Americans are flocking to Mexico City, and locals aren’t too happy about it. This isn’t about anti-immigration, though. It’s an ongoing issue that was amplified by the COVID-19 pandemic and is still feeding onto the country’s escalating gentrification issue.
With so many foreigners relocating to the Distrito Federal, there have been numerous reports of locals feeling that gentrification is increasing at a faster pace. And it isn’t without reason.
If you Google search “move to Mexico City,” thousands of links appear encouraging it.
There are articles detailing step-by-step “expert” guides and even lists of their negative experiences. It’s no wonder people are jumping on the “move to Mexico” bandwagon.
But locals are doing their best to be heard. Whether or not they’re from Mexico City, social media users are expressing their concerns. “White Americans not understanding that moving to Mexico City and working remotely so they can have ‘cheap amenities’ isn’t the same as people immigrating here for a better life. Not only is there racism and gentrification but economic problems,” a Twitter user tweeted.
YT Americans not understanding that moving to Mexico City and working remotely so they can have "cheap amenities" isn't the same as people immigrating here for a better life. Not only is there racism and gentrification but economic problems. I miss my childhood ignorance.
— Sir Tea (@NoSkillsWriter) August 3, 2022
That’s only the surface of what’s going on.
Remote Workers Staying in Mexico City Are Affecting the Country’s Budgets
A source analyzed the overall effect remote workers are having on local budgets. Even when they consider remote workers’ spending as tourism revenue, it doesn’t balance local workers’ pockets. “Although the city’s economy partially relies on the revenue that comes from tourism, the class and race divide has accelerated tensions,” Allwork. Space reports. “Now, working-class Mexicans have to deal with the weight of rising housing costs and inflation, while wealthy remote workers feel little to no impact.”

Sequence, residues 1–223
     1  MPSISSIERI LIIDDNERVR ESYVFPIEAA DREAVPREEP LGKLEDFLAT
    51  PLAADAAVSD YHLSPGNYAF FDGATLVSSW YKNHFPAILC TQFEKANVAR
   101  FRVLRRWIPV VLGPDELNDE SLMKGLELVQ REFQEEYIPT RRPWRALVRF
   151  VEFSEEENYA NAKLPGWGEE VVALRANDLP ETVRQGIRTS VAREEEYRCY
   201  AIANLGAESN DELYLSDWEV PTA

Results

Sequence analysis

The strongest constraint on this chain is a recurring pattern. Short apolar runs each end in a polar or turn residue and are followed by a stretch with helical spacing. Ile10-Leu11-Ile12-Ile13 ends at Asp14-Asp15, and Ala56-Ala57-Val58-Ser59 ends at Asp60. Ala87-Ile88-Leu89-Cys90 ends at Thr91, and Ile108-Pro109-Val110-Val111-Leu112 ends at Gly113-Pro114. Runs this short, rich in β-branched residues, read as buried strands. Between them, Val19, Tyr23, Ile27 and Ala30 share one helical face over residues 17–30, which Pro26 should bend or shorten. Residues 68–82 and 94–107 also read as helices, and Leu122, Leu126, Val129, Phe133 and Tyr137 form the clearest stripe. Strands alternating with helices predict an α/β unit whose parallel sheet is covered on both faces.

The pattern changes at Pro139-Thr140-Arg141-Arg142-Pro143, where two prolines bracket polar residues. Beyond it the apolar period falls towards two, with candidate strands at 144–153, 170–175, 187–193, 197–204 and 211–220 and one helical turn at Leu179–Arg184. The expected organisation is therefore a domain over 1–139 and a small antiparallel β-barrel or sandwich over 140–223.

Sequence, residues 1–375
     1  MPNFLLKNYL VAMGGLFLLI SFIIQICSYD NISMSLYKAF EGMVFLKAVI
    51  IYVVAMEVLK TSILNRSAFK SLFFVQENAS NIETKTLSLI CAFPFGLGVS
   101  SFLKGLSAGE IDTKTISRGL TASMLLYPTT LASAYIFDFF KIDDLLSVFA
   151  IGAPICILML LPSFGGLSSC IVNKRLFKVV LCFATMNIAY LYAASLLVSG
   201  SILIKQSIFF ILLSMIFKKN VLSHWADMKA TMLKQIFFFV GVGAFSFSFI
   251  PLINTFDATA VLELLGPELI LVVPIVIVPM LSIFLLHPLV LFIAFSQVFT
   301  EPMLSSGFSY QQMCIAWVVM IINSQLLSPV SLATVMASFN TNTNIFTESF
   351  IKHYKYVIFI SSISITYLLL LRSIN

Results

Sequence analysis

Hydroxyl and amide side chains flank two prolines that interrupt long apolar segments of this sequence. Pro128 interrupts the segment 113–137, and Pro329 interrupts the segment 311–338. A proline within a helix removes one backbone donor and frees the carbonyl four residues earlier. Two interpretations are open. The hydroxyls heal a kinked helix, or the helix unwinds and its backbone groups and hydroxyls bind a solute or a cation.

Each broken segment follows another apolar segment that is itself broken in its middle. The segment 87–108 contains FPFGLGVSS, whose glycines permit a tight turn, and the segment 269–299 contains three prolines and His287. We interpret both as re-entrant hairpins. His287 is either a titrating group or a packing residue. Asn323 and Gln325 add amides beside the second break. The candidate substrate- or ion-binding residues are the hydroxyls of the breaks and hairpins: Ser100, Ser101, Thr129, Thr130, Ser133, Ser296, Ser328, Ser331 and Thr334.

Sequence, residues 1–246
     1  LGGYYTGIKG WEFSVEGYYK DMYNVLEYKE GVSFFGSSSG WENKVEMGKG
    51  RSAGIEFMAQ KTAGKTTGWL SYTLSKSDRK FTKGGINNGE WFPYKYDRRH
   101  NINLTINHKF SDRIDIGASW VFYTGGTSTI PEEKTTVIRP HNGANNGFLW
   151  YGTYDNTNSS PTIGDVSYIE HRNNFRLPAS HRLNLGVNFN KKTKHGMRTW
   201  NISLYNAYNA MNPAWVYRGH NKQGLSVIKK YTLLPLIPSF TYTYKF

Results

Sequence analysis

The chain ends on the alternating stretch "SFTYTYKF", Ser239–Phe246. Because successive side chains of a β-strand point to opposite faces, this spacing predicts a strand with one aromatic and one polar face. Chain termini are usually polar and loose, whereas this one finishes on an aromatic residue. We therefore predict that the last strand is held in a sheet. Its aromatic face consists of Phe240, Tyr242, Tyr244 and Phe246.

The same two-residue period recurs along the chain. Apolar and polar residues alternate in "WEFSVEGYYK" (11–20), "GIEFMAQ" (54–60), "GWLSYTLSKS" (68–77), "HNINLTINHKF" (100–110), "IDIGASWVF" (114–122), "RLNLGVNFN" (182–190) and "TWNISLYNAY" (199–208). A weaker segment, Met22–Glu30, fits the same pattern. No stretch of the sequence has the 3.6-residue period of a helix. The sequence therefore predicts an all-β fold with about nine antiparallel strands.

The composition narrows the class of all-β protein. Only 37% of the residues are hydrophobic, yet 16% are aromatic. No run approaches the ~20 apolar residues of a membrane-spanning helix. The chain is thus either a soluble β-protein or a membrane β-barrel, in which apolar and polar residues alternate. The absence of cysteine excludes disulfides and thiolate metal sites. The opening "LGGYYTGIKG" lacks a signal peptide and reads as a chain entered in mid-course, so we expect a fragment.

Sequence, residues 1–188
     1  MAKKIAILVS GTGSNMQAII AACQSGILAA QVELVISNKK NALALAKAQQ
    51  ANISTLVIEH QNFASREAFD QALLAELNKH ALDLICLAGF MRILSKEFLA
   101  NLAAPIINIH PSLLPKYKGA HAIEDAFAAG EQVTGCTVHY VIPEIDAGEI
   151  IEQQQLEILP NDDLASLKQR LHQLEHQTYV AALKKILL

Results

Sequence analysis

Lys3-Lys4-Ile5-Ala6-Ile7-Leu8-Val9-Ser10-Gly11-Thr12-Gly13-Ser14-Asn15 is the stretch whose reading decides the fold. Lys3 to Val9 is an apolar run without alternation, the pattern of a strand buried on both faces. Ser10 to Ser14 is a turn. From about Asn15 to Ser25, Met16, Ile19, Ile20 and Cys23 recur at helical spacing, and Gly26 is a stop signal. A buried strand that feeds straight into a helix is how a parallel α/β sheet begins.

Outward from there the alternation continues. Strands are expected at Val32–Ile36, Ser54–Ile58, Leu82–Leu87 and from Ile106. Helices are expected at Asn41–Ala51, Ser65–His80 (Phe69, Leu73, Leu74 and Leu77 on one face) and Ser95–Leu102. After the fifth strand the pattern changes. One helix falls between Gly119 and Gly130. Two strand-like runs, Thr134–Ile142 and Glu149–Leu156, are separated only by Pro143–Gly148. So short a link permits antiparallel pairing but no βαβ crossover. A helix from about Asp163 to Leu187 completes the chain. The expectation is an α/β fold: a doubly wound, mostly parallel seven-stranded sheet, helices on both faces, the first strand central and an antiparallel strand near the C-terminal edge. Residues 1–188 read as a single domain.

The aforementioned source talked to a local journalist to get a further insight – and it turns out it’s a bigger issue than expected. “Many of the companies that capitalize on tourism aren’t Mexican either; those who come to Mexico to work remotely do not pay the taxes that a resident pays and their income is also in a much higher currency than those who live here,” Mexico City-based freelancer Carlos Acuña said about the influx.
Gentrification of Mexico City by US remote workers who take advantage of the financial situation of a city where 44% of residents live in extreme poverty. pic.twitter.com/OgfEtt5m0J
— Ka Makau (@Ka_Makau) August 1, 2022
Locals Are Putting Up Signs Asking Travelers To Leave
Armerican remote workers have flooded Mexico City…city residents are becoming concerned about gentrification. pic.twitter.com/LDC88JPHtD
— Max Speed (@Relativity_Is) August 2, 2022
Similar to what’s going on in Puerto Rico, locals are doing the most to keep their homes safe. They’ve even put up posters asking for people to leave. Why? In both regions, there’s been a hyper-increase in tourism and remote working. Will they actually pay attention to their plea, though?
Despite Local Pleas, Foreigners Are “Likely” To Continue Moving In
Regardless of social media conversations against it, chances are that foreigners will continue moving in. “The influx, which has accelerated since the onset of the COVID-19 pandemic and is likely to continue as inflation rises, is transforming some of the city’s most treasured neighborhoods into ex-pat enclaves,” LA Times says about the surge.
¡Dios mío! When will Americans – and foreigners, in general – stop and get the hint?For Image credit or remove please email for immediate removal - firstname.lastname@example.org